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Inflation has fallen substantially in recent months, and households are now seeing real wage growth for the first time in several years. However, the cost of living remains a major concern for many, especially those on low incomes who tend to spend a higher proportion of their earnings on essential goods such as housing, food, utilities and transport. In order to investigate how the recent fall in inflation has affected different types of households with different spending habits, we have analysed data from the Office for National Statistics (ONS) to understand how inflation has changed across different socio-economic groups since 2014. The data shows that while lower inflation is undoubtedly beneficial for everyone, there are still some hard-pressed households who are struggling more than others to cope with their everyday costs.
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Fast Food for Dinner and a Weekly Treat
One of the key findings from our analysis is that households in the poorest 10th of the population are spending proportionally more on food and drink than those in the richest 10th. This might sound like a good thing, and it is certainly positive that those on low incomes are able to eat a balanced diet. However, it may also be a sign that these households are forced to buy less expensive, less nutritious food, such as tinned vegetables or frozen meals, as fresh produce and organic items can be prohibitively expensive for people on a low weekly income. It is also possible that people in the poorest households are buying more ready-made meals, such as chicken burgers or ready-made curries, which tend to be more expensive than simple dishes such as pasta and rice. As a result, these households may be missing out on some of the health benefits associated with cooking fresh food from scratch.
More Eggs, Fewer Beans
People in the poorest households are also spending a higher proportion of their earnings on household goods and services, such as fuel and utilities, which includes water and electricity bills. At the same time, they are spending less on groceries and alcoholic drinks, such as beer and wine, which suggests that poorer households may be buying less expensive items or forgoing certain purchases altogether. By contrast, households in the top 10th of the population are spending less on household goods and utilities, which suggests that they may be paying less for these services or are using less of them. At the same time, people in the richest households are spending more on groceries and alcoholic drinks. Again, this may be due to wealthier households spending more on more expensive or premium products.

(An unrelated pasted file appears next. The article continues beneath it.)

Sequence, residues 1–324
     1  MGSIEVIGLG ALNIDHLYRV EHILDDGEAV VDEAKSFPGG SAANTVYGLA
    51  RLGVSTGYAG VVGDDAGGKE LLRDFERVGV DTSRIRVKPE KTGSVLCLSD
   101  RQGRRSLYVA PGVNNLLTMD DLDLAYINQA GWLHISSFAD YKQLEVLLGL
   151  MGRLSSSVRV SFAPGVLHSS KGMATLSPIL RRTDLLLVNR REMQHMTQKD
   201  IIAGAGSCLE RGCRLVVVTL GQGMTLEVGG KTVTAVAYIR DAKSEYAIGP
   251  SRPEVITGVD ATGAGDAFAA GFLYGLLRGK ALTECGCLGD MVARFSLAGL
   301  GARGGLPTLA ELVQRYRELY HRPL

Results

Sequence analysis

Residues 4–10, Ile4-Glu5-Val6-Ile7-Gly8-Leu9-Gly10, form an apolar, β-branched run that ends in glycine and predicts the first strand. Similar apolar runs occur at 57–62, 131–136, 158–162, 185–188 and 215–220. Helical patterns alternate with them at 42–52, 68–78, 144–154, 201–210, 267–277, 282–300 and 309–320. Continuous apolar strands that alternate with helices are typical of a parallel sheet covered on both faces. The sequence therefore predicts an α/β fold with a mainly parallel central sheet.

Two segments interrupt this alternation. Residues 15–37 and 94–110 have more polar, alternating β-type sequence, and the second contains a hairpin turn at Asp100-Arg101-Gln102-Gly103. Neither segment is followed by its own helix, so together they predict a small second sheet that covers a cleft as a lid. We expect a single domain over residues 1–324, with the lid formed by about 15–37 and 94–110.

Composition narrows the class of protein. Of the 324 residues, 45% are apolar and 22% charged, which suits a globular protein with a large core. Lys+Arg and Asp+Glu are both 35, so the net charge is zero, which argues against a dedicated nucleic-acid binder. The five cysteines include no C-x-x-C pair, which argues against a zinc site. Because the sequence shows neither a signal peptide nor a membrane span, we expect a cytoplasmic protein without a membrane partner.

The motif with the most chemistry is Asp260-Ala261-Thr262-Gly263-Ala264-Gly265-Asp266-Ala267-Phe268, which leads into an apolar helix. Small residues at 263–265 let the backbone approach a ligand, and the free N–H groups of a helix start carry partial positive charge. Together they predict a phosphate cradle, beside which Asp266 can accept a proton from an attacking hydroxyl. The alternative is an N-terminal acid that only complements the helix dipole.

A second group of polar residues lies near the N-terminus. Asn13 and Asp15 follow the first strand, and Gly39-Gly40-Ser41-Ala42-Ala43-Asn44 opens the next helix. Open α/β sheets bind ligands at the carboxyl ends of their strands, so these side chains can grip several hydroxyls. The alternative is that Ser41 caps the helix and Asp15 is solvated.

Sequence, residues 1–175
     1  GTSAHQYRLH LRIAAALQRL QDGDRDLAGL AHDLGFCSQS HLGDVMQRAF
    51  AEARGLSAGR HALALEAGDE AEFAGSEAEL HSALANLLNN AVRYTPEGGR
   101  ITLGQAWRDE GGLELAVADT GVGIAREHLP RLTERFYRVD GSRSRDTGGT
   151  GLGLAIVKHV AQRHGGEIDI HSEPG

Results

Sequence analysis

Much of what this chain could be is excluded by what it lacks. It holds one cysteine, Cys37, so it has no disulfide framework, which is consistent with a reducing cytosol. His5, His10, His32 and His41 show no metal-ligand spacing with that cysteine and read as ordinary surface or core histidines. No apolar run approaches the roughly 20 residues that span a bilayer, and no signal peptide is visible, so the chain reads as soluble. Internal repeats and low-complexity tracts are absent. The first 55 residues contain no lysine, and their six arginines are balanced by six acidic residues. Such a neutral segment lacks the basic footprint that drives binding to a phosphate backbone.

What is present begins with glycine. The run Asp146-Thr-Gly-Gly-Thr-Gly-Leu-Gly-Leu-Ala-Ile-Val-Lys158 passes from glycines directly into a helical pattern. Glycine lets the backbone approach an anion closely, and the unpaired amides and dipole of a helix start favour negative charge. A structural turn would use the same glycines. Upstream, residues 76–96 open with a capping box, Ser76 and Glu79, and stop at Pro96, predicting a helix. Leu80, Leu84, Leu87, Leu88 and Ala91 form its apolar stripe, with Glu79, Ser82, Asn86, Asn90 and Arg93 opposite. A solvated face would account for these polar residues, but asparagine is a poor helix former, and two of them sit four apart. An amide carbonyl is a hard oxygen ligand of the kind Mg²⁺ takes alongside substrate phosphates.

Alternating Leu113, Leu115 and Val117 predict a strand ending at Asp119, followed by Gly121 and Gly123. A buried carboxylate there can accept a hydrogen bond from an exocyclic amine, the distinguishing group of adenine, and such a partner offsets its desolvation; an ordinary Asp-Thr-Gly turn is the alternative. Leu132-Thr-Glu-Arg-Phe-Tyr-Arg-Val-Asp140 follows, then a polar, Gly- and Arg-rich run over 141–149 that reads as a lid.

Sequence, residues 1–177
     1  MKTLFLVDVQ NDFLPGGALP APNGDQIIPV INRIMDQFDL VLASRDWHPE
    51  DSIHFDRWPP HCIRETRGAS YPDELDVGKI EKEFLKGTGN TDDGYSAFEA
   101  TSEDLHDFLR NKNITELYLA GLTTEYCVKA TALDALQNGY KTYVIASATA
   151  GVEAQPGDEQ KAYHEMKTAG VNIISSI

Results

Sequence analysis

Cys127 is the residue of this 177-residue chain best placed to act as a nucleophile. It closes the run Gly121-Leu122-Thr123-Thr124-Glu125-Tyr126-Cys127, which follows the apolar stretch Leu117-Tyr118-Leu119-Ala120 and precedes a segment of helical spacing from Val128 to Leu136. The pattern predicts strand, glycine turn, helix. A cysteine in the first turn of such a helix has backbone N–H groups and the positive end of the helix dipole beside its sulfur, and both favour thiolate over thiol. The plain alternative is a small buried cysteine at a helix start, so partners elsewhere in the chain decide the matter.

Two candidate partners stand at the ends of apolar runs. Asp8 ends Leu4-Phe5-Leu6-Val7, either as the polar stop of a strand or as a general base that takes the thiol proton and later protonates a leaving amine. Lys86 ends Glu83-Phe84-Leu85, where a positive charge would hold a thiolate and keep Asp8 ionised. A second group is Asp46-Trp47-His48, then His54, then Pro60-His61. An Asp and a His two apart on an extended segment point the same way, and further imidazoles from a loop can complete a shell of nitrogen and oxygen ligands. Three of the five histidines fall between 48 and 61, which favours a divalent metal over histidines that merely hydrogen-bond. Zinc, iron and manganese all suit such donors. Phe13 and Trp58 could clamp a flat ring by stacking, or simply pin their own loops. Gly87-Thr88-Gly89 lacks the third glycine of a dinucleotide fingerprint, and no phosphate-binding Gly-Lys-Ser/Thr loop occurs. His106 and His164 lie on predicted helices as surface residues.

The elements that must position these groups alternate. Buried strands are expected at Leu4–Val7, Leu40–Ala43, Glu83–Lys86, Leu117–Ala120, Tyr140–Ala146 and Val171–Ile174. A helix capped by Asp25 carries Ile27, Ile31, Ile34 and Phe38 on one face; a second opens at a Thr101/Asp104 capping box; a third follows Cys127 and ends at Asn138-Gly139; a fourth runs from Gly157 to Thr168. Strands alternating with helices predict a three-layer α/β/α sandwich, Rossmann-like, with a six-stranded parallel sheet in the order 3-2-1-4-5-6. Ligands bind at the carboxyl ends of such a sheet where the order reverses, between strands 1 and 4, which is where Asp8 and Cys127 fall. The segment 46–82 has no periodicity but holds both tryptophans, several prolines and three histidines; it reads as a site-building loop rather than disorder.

More Bills, Lower Paychecks
The ONS data also shows that households in the poorest 10th of the population are spending more on essential bills, such as mortgage payments and council taxes, while those in the richest households are spending less. The difference in spending between the two groups is particularly pronounced for mortgage payments, where poorer households are spending more than three times as much as richer households. At the same time, people in the highest-earning households are spending less on essential bills, which suggests that they are paying less in mortgage repayments and council taxes than poorer households. However, there is no evidence to suggest that people in the highest-earning households are forgoing such payments.
What Can We Learn from These Findings?
The data reveals that households in the poorest 10th of the population are paying more for the same goods and services as households in the richest 10th. This is likely due to a combination of several factors, such as a higher cost of living in general, the fact that poorer people are more likely to rent rather than own their home, and the fact that people in the poorest households are more likely to be in debt. This is not to say that richer people are any less deserving of a comfortable lifestyle, but it does suggest that there are some significant differences between the cost of living in different socio-economic groups. These differences also bring with them wider implications for how different households can cope with the rising cost of living.
In summary, the data reveals that while lower inflation is undoubtedly beneficial for everyone, there are still some hard-pressed households who are struggling more than others to cope with their everyday costs. This analysis has shown that poorer households are spending more on certain goods and services, suggesting that they may be struggling to make ends meet. At the same time, richer households are spending less on certain items, which indicates that they are in a better position to cope with rising costs. Households in the middle of the socio-economic spectrum are likely to be faring slightly better than the richest 10th, but slightly worse than the poorest 10th. Crucially, while the fall in inflation has undoubtedly been good news for everyone, poorer households in particular have benefited from falling living costs, with real wages rising as a result.